Analysis and Commentary

Decarbonisation of cement moves a step closer

Analysis and Commentary

By Peter Roberts

Along with steel production, the manufacture of cement is among the most economically critical and at the same time most polluting of industries.

Both products are vital and yet both contribute billions of tonnes annually to carbon dioxide emissions that are raising global temperatures and threatening humanity.

But paths to decarbonise both products are becoming increasingly apparent.

Australian listed Calix Ltd is a leader in decarbonising cement with its LEILAC-2 project which is focused on scaling the company’s CO2 mitigation technology for cement and lime.

Being developed at HeidelbergCement’s Hannover plant, the project follows a successful pilot at a plant at Lixhe in Belgium.

LEILAC (Low Emissions Intensity Lime And Cement) is a direct separation carbon capture technology that has been developed since 2013 with €12 million in funding from the European Union’s Horizon 2020 research and innovation program.

The Calix process engineers the existing process flows of a traditional calciner indirectly heating the limestone via a special steel reactor.

This allows pure CO2 to be captured as it is released from the limestone, with furnace exhaust gases kept separate.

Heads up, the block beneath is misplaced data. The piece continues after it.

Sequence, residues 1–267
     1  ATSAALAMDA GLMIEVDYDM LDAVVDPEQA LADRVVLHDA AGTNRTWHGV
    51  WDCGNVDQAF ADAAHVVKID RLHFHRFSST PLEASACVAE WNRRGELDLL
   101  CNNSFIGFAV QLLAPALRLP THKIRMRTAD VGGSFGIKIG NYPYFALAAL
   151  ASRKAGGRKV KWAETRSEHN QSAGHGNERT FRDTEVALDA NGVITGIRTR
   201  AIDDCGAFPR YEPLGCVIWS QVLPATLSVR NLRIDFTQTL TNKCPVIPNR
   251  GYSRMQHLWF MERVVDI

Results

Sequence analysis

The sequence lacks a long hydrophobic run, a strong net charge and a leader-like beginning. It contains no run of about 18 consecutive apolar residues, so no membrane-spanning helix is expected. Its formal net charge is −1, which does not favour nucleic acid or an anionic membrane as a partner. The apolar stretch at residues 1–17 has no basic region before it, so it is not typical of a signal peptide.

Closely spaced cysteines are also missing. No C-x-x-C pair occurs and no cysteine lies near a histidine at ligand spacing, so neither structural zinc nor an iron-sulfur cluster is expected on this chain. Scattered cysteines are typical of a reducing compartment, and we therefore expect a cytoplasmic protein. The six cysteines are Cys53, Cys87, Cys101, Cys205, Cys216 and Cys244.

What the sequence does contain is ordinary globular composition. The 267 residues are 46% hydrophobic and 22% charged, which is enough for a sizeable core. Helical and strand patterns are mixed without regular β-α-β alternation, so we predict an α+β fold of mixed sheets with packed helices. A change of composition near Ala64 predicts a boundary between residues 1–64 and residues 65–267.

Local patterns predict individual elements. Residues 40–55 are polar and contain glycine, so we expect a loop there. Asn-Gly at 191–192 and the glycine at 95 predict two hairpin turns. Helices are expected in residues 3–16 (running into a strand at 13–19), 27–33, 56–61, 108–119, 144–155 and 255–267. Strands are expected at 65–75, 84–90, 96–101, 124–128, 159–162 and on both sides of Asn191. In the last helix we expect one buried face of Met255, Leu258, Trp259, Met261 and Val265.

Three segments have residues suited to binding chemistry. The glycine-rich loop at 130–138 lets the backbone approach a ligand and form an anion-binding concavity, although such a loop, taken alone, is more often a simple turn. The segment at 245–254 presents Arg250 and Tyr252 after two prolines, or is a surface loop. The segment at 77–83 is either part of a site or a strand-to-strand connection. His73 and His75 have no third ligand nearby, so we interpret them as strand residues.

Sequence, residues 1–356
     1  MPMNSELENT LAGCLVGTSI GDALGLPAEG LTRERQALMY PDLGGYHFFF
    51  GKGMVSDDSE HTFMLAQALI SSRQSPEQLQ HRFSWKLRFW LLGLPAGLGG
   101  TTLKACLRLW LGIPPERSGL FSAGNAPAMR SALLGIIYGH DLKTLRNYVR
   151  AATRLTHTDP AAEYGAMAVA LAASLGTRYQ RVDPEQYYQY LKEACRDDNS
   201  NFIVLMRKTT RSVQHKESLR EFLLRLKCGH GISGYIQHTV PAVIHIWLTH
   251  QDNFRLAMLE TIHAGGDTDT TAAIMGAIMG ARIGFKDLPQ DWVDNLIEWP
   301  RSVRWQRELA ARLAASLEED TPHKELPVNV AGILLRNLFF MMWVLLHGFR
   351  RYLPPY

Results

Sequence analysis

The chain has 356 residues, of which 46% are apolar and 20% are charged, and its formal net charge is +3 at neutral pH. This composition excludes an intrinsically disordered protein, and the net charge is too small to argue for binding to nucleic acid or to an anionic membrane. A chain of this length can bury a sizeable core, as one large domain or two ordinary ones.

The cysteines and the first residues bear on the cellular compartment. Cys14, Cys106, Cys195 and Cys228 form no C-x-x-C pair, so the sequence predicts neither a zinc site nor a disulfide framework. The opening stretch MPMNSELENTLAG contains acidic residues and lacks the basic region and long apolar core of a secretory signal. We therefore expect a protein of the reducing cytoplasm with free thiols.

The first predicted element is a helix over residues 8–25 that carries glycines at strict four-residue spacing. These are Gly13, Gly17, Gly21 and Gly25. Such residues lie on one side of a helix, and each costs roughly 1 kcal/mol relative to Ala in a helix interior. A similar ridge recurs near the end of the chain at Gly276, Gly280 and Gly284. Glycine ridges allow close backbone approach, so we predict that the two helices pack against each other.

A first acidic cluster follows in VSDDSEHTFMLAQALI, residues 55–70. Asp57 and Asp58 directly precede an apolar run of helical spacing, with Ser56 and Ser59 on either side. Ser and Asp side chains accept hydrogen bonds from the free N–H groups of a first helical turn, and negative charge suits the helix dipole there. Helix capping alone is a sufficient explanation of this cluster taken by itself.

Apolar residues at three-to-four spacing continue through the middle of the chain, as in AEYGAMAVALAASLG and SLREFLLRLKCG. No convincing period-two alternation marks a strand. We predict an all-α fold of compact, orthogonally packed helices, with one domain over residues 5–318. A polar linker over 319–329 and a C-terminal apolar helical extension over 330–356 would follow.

Other than a new kiln, the process does not involve any additional processes or chemicals.

Now Calix has announced CEMEX, which operates 65 cement plants with production capacity of 93 million tonnes annually, has joined the consortium developing the LEILAC-2 demonstration plant.

LEILAC-2 is a 100 ktpa plant that will separate 20 per cent of a regular plant’s process emissions – around 100 ktpa of CO2 – all backed by a further €16 million funding by the EU.

The Calix carbon capture and storage process is one of a number of decarbonising routes being developed including an amine-based industrial scale CCS unit at Norcem’s Brevik plant and a HeidelbergCement supported oxyfuel project.

Others are attempting to reduce the need for clinker through the use of calcined clays, or proposing solar reactors or electric-powered kilns.

The other major challenge facing cement is developing recycling systems to produce aggregates or new cement material.

At a recent innovation in industrial carbon capture conference the Calix technology was described as the ‘Tesla’ of industrial carbon capture.

We are by no means at the point of declaring that cement can be part of a low carbon future, but with Calix, the future might just be a step closer.

Picture: Calix

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